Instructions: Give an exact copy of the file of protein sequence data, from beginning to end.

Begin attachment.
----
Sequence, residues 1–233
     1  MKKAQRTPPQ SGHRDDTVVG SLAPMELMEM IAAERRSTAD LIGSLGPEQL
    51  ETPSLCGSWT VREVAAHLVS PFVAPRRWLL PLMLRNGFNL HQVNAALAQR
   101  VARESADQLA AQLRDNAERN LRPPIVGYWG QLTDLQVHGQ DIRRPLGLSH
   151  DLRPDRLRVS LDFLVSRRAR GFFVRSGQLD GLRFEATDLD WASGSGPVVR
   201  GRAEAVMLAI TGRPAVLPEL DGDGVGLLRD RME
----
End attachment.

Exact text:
Sequence, residues 1–233
     1  MKKAQRTPPQ SGHRDDTVVG SLAPMELMEM IAAERRSTAD LIGSLGPEQL
    51  ETPSLCGSWT VREVAAHLVS PFVAPRRWLL PLMLRNGFNL HQVNAALAQR
   101  VARESADQLA AQLRDNAERN LRPPIVGYWG QLTDLQVHGQ DIRRPLGLSH
   151  DLRPDRLRVS LDFLVSRRAR GFFVRSGQLD GLRFEATDLD WASGSGPVVR
   201  GRAEAVMLAI TGRPAVLPEL DGDGVGLLRD RME